Congressman Bobby Rush (D-IL) raised the important issue of rural energy burdens. As a percent of household income, rural households pay significantly more for monthly energy costs compared to urban counterparts. The disparities are even more sever in elderly, minority, and low-income rural households, where consumer pay, on average, nine percent of household income to cover energy costs. Rush asked the panel how cooperatives are solving these issues and what best practices can be shared with non-rural communities. RBCS Administrator Dr. Karama Neal responded that RBCS is “proud of our heritage supporting cooperatives” and providing investments that empower people to use the cooperative model. Neal discussed not only the Rural Cooperative Development Grant Program and the Socially-Disadvantaged Group Grant, but also noted that RBCS is diligent about including cooperatives as eligible entities in many other programs, such as the Rural Innovation Stronger Economy (RISE) and Rural Community Development Initiative (RCDI) programs.
This hearing also featured a second panel of expert witnesses, one of whom was Bill Cherrier, CEO and Executive Vice President of Central Iowa Power Cooperative, testifying on behalf of the National Rural Electric Cooperative Association (NRECA). Central Iowa Power Cooperative is a generation and transmission cooperative, which provides energy to consumer-owned electric cooperatives that serve home and businesses.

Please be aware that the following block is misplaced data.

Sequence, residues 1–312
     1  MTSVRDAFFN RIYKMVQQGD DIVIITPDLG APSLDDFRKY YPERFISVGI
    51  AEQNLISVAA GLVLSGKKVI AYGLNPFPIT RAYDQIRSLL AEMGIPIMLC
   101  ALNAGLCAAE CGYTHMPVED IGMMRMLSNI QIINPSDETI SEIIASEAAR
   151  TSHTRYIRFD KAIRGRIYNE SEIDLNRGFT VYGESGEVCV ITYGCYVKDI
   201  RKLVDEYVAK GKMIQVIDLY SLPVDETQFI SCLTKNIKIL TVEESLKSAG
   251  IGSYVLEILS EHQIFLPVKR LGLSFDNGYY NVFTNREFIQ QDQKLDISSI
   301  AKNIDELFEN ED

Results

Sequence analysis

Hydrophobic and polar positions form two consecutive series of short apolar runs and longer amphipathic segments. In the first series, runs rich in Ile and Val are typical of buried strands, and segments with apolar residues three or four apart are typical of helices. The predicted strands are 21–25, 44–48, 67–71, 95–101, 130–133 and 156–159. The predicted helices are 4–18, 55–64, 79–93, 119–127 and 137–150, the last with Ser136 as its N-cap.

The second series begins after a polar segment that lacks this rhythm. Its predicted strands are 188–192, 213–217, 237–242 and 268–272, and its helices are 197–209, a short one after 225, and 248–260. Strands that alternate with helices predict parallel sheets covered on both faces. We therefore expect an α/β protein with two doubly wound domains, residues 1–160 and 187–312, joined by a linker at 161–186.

Cherrier highlighted several key themes including incentives to support the transition should be inclusive of all energy providers, including accounting for the not-for-profit status of electric cooperatives through direct pay. Congressman Randy Feenstra (R-IA) later shared his support for direct pay incentives to ensure that the benefits of taking the path of renewable energy reaches the member-owners of the electric cooperative directly, rather than forcing a co-op to work through a third-party development company.
Cherrier also raised the need for policy changes that would allow electric cooperatives to refinance their existing debt with USDA to increase affordability of electricity in rural America and help cooperatives plan for long-term success. Specifically, Cherrier highlighted the Flexible Financing for Rural America Act (H.R. 2244) which would allow electric cooperatives to refinance debt held by the USDA at lower interest rates. The bill has 198 bipartisan cosponsors in the House and 30 cosponsors in the Senate (S.978).
Following the hearing, Chairman Scott released a statement staying, in part, “I am confident that as we look to the 2023 Farm Bill, energy and particularly renewable energy will be integral in our efforts to mitigate climate change while bringing new opportunities and revenue streams to rural America.”
You can watch a recording of the committee hearing here.